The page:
Avengers Assemble #10

The biggest crime of "Avengers Assemble" #10 is that it wasn't published as "Avengers Assemble" #2; in other words, that the numbering didn't start over last month when Kelly Sue DeConnick and Stefano Caselli took over the title. With so many other "Avengers" comics starting over with a new #1, I'm afraid this comic might get overlooked, and that would be a shame because it's a thoroughly fun comic.

What's impressive is that after a light, slightly jokey first chapter last month, DeConnick is able to shift "Avengers Assemble" #10 into a more serious vein now that the bodies are starting to pile up, but without losing sight of the fun dialogue and overall sense that these are people who genuinely like being around each other. Take, for example, the scenes with Captain Marvel and Captain America. They're tracking down a villain who might be responsible for the deaths of people at an Antarctic research base. The mood is a little grim, but at the same time we get little dialogue bits of joy like, "I do love Plan B," and, "Will you please sit down and strap in?" It not only makes the book more enjoyable, but it makes these characters sound like real people; they're not just reciting speeches at one another, but having little bits of snark and humor and even annoyance slipping into their words.

Captain America's fight at 10,000 feet is probably one of the best parts of the comic. Not just because of the amounts of daring that DeConnick and Caselli show us, but the way that everything unfolds. Characters act and react, things get changed up at a moment's notice, and we've even got a villain who is able to temporarily defeat the hero through the sort of threat that we should be seeing dangled out there a little more often. It's a nasty sudden turn, another reminder that this isn't all fun and games.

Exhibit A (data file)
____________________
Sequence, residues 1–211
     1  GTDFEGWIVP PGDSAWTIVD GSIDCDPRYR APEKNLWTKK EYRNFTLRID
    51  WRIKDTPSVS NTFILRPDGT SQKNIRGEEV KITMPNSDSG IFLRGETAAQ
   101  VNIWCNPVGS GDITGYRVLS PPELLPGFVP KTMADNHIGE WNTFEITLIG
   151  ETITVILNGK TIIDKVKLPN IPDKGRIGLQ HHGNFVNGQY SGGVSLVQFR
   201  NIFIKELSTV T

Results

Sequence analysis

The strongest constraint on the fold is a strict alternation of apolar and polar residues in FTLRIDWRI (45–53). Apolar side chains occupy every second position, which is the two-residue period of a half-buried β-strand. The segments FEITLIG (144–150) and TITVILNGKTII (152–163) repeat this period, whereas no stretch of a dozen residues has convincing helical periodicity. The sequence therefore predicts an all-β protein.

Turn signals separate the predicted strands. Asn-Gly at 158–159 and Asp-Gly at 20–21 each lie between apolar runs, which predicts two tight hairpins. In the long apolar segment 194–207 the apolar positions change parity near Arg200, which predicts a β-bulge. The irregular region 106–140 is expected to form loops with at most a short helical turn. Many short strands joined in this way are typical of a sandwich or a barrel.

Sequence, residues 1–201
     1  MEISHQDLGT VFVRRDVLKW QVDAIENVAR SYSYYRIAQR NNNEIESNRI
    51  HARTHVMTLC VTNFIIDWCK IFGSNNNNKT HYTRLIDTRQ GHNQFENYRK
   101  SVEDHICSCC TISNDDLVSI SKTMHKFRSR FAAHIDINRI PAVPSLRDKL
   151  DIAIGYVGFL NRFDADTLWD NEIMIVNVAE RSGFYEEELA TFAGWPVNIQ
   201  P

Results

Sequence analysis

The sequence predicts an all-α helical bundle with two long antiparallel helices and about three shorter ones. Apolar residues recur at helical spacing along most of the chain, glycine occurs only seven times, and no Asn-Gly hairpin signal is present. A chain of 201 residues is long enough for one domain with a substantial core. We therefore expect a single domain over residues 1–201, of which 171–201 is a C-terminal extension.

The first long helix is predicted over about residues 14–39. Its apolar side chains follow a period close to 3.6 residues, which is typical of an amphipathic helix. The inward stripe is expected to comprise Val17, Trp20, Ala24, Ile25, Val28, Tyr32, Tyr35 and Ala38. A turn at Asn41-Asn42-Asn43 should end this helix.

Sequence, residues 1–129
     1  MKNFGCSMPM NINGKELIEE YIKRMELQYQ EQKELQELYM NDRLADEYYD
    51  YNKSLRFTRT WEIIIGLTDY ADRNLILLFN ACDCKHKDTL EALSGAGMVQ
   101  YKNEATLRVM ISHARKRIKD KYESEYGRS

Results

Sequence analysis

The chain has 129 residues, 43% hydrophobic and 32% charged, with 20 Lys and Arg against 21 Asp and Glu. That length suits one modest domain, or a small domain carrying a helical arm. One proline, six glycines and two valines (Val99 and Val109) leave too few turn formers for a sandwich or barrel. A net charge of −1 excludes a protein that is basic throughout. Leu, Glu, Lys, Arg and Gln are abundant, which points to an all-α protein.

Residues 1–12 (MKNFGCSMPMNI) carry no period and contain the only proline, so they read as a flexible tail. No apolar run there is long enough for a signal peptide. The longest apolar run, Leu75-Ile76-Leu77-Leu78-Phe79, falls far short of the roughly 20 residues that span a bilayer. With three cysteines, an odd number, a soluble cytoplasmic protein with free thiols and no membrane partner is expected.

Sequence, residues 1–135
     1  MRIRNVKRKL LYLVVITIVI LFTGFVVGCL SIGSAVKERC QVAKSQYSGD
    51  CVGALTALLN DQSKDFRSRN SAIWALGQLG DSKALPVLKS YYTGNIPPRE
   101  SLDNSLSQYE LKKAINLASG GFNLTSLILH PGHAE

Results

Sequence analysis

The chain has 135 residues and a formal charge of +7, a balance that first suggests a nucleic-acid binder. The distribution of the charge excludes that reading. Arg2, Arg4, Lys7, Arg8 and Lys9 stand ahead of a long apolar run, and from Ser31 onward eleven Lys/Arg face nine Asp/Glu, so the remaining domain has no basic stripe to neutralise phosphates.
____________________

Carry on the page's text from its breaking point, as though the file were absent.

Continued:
In general, though, this grouping of characters works well. Captain America, Iron Man, and Thor of course have a lot of history together, but the old and new additions to the team end up with a surprising good sense of balance. I like the Spider-Woman and Hulk dynamic that's being worked on, and the Iron Man and Hulk bonding over scientific ideas was one of the best parts of "The Avengers" film so it's great to see it being used here too. And as mentioned before, Captain Marvel and Captain America's scenes together are fun even in dark moments; this is a group of characters that feels like they should be a team because they mesh well, not because they were names drawn out of a hat.

Caselli's art was always good on "Secret Warriors" but I feel like he's taken his skills up a notch since then. Bruce Banner fighting off the invader in his body is full of body language that helps bring across the idea of how painful this process is, for instance; the squinting eyes, the bulging veins, the drips of sweat all show the reader in a way that a script alone wouldn't convey. Even something as simple as hordes of bad guys piling out of a plane looks sharp; Caselli makes them look like people as they're getting flung through the air, and I love the way he draws them all clutching to the quinjet. Add in a strong collaboration with color artist Rain Beredo and you end up with a comic that just grabs you on a visual sense.

"Avengers Assemble" #10 (as well as #9 before it) has been a pleasant and rewarding surprise. There are a lot of "Avengers" titles right now, but make sure that you don't miss "Avengers Assemble" in the mix. "Avengers Assemble" has become a must-read superhero comic; all comics should be this much fun.

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